Supporters attend a rally for presidential candidate Ashraf Ghani at a stadium in Kabul, Afghanistan, April 1, 2014.
Photo by Victor J. Blue for MSNBC

Behind the headlines in Afghanistan

Updated

As I write this, journalist Kathy Gannon is being medevaced from the southeastern province of Khost in Afghanistan, to an airport in Kabul. She and her colleague, photographer Anja Niedringhaus, both working for the Associated Press, had been covering election preparations there when they were shot.

The two had been traveling with an election convoy delivering ballots to the Tani district outside of Khost city. They were sitting in their car, waiting for the convoy to move, when a police lieutenant named Naqibullah walked up, yelled “God is great,” and opened fire. The lieutenant turned himself in. His motives may have been a reprisal for a U.S. air strike in his hometown of Parwan earlier this year. Niedringhaus died immediately. Gannon was taken to the provincial hospital and received treatment there.

My morning was spent on the phone, relaying information, passing on phone numbers and trying to make sure that Gannon, a veteran journalist beloved by many, would make it back to safety. After the flurry of phone calls, when I had done everything I knew how to do, I cradled my face in the palms of my hands and wept.

It wasn’t just for Niedringhaus, whose chronicling of life in Afghanistan had inspired the work of many young photographers. The incident in Khost was the third attack on journalists in less than a month. The Swedish-British radio journalist Nils Horner was shot in cold blood, in broad daylight, while investigating a story in Kabul’s affluent enclave of Wazir Akbar Khan. Sardar Ahmad, a respected reporter with the Agence France-Presse bureau in Kabul, was killed with his wife and two children at the upscale Serena Hotel. Only the two-year-old, shot in the head, survived.

The Taliban promised earlier in the campaign season to undermine the political transition, and so far, they have made good on that promise. In the past two weeks, the Afghan election commission has been attacked twice. Gunmen have stormed a foreigner guesthouse. The well-guarded interior ministry was targeted, killing six. The spate of attacks has become common enough that now, for an attack to be noticed, it has to be truly spectacular.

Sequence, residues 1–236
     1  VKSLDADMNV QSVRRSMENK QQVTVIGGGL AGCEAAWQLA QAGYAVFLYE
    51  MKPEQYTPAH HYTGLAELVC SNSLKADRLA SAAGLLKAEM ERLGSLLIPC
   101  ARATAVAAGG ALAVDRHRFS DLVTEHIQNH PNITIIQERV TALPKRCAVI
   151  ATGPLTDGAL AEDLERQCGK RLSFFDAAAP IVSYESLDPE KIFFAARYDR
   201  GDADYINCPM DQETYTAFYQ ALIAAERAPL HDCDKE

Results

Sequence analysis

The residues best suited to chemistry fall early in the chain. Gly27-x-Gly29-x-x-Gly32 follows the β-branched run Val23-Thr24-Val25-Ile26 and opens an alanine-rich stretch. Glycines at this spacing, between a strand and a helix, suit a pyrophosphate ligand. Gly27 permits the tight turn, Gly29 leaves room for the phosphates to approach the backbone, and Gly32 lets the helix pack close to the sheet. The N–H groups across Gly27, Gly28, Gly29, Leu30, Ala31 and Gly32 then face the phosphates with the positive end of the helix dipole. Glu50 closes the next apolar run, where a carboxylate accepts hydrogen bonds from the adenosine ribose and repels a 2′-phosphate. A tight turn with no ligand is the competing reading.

The insurgents have been targeting Westerners, whose deaths make international headlines, but the steady drumbeat of violence is louder for Afghans. The deaths that do not get attention are too many to name. Headlines on Pajhwok, a local news agency, tell the story:

“Election runner kidnapped in Sar-i-Pul”

“4 campaigners of a candidate killed in Paktia”

“Kunduz roadside bombing leaves 8 dead”

“Logar suicide attack leaves policeman dead”

“Security men among 24 killed in Sar-i-Pul offensive”

And that is just in one day. We forget that in between the major headlines lay scores of smaller tragedies, undetected by the world, but privately mourned nonetheless. The trauma that Westerners such as myself catch glimpses of on our worst days is the stuff of everyday existence for most Afghans. It is possible, I hope, to remind the world of this fact – the wider context in which Niedringhaus, Ahmad and Horner died – without diminishing their passing in any way.

It is difficult to write about the security situation in Afghanistan, mainly because no one knows what will happen. It isn’t as bad as it was in 2009, when Taliban attacked the presidential palace, in the heart of the capital, and a commercial bank. The government hasn’t banned journalists from reporting on Election Day, as they did then, amid fears that coverage of the daily violence would depress morale.

And yet, the mood is somber. Escalating violence has driven observer missions out of the country. While their number, less than 200, was too small to have made a difference, their absence significantly changes the tone of the debate. The few who remain will be monitoring the elections from the confines of their compounds. As a result, the veracity of any claims of fraud – which seem inevitable – will be questioned. This undermines the legitimacy of the fledgling election process, and threatens to extend a period of instability that Afghanistan cannot afford.

Some voters I spoke with worry that the interest of the international community has dwindled, and that this may mean increased possibilities for fraud. Others, mainly urban voters, are determined to cast their ballots. Those in the rural areas, for whom elections have never meant much, remain ambivalent.

It is not possible to generalize in a country so bifurcated. The near devotional mania you see in rallies around the country, in provincial capitals and Kabul, do not reflect the reality of village life – just as the cavalier attitude toward fraud that I have witnessed traveling to remote areas of Wardak, just an hour’s drive from Kabul, do not reflect the mood in the capital.

But Afghans are known for their resilience. When they head to the polls, voters have a shot at achieving the first peaceful transition of power in Afghanistan since 1901. And when that happens, we reporters will be there to document it.

May Jeong is a Kabul-based reporter. Her work has appeared in the New York Times, Slate and other publications.

Behind the headlines in Afghanistan

Updated